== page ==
Blaster and the great blackout

It's impossible to prove that a malicious worm caused last summer's power outage, but one thing's clear: Ordinary computers are the weakest link.

Published December 16, 2003 8:30PM (EST)

Ten years ago our critical infrastructure was run by a series of specialized systems, both computerized and manual, on dedicated networks. Today, many of these computers have been replaced with standard mass-market computers connected via the Internet. This shift brings with it all sorts of cost savings, but it also brings additional risks. The same worms and viruses, the same vulnerabilities, the same Trojans and hacking tools that have so successfully ravaged the Internet can now affect our critical infrastructure.

For example, in late January 2003, the Slammer worm knocked out 911 emergency telephone service in Bellevue, Wash. The 911 data-entry terminals weren't directly connected to the Internet, but they used the same servers that the rest of the city used, and when the servers started to fail (because the connected parts were hit by Slammer), the failure affected the 911 terminals.

What's interesting about this story is that it was unpredicted. The Slammer attacked systems basically at random, and happened to knock over 911 service. This isn't an attack that could have been planned in advance. It was an accidental failure, and one that happened to cascade into a major failure for the citizens of Bellevue.

I have read article after article about the risks of cyberterrorism. They're all hype; there's no real risk of cyberterrorism. Worms and viruses have caused all sorts of network disruptions, but it's all been by accident. In January 2003, the SQL Slammer worm disrupted 13,000 ATMs on the Bank of America's network. But before it happened, you couldn't have found a security expert who understood that those systems were dependent on that vulnerability. We simply don't understand the interactions well enough to predict which kinds of attacks could cause catastrophic results.

More recently, in August 2003, the Nachi worm disabled Diebold ATMs at two financial institutions (Diebold declined to name which ones). These machines were running the Windows operating system, and were connected to the Internet. ATM machines that weren't running Windows were unaffected.

As mass-market computers and networks permeate more and more of our critical infrastructure, that infrastructure becomes vulnerable not only to attacks but also to sloppy software and sloppy operations. And these vulnerabilities are not necessarily the obvious ones. The computers that directly control the power grid (for example) are well protected. It's the peripheral systems that are less protected and more likely to be vulnerable. And a direct attack is unlikely to cause our infrastructure to fail, because the connections are too complex and too obscure. It's only by accident -- a worm affecting systems at just the wrong time, allowing a minor failure to become a major one -- that these massive failures occur.

Might this be what happened during the great blackout of this past summer?

The "Interim Report: Causes of the August 14th Blackout in the United States and Canada," published in November and based on detailed research by a panel of government and industry officials, blames the blackout on an unlucky series of failures that allowed a small problem to cascade into an enormous failure.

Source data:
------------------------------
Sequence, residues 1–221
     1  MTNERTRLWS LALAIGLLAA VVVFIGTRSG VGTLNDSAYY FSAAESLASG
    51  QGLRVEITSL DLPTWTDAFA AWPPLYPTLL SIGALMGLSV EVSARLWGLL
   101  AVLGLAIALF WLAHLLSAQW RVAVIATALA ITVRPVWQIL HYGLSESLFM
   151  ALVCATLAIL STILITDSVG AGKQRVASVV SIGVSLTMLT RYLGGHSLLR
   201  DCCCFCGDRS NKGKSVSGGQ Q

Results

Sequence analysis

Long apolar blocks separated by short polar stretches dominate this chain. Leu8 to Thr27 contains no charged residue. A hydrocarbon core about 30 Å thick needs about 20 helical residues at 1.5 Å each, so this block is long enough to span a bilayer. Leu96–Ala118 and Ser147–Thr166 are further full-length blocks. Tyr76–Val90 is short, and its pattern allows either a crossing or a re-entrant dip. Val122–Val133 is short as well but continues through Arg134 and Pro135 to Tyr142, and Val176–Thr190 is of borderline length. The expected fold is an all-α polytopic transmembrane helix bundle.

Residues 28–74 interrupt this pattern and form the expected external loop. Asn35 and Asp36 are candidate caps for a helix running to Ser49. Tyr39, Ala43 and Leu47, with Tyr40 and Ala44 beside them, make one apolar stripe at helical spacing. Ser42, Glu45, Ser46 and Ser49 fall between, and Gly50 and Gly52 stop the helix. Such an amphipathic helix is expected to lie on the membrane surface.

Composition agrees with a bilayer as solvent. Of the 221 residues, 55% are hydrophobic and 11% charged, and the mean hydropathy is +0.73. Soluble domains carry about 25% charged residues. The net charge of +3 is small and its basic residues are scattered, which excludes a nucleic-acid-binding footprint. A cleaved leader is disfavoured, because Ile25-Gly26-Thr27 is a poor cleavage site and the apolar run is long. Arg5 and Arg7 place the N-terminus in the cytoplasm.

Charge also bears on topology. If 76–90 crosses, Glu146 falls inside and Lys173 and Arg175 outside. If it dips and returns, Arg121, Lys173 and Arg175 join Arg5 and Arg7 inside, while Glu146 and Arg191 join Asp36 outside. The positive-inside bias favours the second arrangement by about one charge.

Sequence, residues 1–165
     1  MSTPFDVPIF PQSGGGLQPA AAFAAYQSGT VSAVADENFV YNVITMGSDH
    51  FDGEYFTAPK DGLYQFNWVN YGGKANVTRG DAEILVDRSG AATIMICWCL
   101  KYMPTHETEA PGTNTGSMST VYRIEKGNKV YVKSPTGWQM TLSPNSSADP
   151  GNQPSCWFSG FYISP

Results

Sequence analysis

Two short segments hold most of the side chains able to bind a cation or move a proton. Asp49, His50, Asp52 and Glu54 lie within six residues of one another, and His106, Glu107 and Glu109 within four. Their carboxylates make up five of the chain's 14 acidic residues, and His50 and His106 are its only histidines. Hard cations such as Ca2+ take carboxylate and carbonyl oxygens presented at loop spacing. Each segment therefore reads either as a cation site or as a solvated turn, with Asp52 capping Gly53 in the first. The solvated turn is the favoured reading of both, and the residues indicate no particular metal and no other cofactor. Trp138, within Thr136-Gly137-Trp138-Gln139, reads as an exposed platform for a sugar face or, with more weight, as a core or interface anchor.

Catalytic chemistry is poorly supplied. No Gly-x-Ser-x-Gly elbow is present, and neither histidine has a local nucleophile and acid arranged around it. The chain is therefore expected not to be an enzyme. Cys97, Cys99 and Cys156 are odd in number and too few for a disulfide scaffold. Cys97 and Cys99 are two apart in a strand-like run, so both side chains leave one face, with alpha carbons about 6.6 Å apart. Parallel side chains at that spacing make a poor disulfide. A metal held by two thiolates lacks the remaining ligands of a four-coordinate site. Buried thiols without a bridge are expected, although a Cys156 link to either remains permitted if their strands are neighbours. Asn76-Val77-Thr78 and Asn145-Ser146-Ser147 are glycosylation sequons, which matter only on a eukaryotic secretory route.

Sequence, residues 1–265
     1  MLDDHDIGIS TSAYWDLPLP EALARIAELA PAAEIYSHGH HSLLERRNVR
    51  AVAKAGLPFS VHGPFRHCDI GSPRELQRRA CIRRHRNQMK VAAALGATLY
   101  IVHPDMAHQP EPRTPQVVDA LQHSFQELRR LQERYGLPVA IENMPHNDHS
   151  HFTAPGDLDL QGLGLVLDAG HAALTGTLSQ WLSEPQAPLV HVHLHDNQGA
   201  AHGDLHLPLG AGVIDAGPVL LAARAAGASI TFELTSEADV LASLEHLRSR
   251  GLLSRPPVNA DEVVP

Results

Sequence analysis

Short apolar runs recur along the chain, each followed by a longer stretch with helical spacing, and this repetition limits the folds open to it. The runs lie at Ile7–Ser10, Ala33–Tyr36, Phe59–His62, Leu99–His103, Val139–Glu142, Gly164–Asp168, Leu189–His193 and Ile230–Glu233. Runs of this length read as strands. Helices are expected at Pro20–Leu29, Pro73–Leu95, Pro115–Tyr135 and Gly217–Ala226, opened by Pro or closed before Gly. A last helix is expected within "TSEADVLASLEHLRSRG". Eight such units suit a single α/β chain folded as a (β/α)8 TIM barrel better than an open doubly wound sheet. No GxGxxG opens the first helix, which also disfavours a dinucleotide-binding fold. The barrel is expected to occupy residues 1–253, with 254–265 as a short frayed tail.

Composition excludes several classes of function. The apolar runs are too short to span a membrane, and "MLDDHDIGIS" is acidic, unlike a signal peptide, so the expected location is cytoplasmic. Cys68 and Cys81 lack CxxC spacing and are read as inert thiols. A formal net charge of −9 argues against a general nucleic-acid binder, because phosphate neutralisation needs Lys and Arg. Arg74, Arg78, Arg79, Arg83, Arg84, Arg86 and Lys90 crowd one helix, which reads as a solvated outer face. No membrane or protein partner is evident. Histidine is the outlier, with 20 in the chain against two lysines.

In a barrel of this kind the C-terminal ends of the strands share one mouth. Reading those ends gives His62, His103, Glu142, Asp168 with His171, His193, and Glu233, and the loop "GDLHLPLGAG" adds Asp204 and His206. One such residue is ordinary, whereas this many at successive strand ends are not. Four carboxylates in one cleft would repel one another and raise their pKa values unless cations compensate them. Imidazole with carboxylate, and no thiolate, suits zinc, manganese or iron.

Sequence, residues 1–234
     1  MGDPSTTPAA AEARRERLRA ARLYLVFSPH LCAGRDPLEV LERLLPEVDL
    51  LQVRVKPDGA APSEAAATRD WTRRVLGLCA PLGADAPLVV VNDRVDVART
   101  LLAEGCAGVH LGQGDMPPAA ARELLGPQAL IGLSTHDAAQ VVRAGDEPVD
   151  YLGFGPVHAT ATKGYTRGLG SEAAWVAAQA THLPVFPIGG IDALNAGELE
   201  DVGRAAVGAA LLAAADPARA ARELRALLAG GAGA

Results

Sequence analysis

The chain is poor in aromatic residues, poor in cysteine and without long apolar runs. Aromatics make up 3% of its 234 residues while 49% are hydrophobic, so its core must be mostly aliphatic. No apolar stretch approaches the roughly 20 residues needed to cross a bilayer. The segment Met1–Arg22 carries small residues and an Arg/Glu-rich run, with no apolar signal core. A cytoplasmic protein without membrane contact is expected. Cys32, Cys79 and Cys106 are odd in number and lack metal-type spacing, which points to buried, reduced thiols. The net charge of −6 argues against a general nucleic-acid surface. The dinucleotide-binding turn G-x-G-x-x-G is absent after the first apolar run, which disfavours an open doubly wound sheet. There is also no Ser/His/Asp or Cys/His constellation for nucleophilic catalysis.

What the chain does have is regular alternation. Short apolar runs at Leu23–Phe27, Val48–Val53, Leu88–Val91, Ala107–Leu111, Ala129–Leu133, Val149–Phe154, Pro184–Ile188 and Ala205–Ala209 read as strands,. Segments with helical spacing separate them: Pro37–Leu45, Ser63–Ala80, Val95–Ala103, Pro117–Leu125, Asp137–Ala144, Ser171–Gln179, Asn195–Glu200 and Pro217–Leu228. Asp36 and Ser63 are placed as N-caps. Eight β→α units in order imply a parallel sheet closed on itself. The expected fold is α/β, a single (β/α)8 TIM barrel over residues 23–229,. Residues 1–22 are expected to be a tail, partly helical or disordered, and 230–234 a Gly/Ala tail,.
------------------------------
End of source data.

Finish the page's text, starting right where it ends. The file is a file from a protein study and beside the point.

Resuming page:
The Blaster worm affected more than a million computers running Windows during the days after Aug. 11. The computers controlling power generation and delivery were insulated from the Internet, and they were unaffected by Blaster. But critical to the blackout were a series of alarm failures at FirstEnergy, a power company in Ohio. The report explains that the computer hosting the control room's "alarm and logging software" failed, along with the backup computer and several remote-control consoles. Because of these failures, FirstEnergy operators did not realize what was happening and were unable to contain the problem in time.

Simultaneously, another status computer, this one at the Midwest Independent Transmission System Operator, a regional agency that oversees power distribution, failed. According to the report, a technician tried to repair it and forgot to turn it back on when he went to lunch.

To be fair, the report does not blame Blaster for the blackout. I'm less convinced. The failure of computer after computer within the FirstEnergy network certainly could be a coincidence, but it looks to me like a malicious worm.

No matter what caused the computer failures, the story is illustrative of what is to come. The computer systems we use on our desktops are not reliable enough for critical applications. Neither is the Internet. The more we rely on them in our critical infrastructure, the more vulnerable we become. The more our systems become interconnected, the more vulnerable we become.

It's not the power generation computers, it's the alarm computers. It's not the police and medical systems, it's the 911 computers that dispatch them. It's the computer you never thought about, that -- surprise -- is critical and critically vulnerable.

By Bruce Schneier

Bruce Schneier writes, speaks and consults on computer security. His latest book is "Secrets and Lies: Digital Security in a Networked World."

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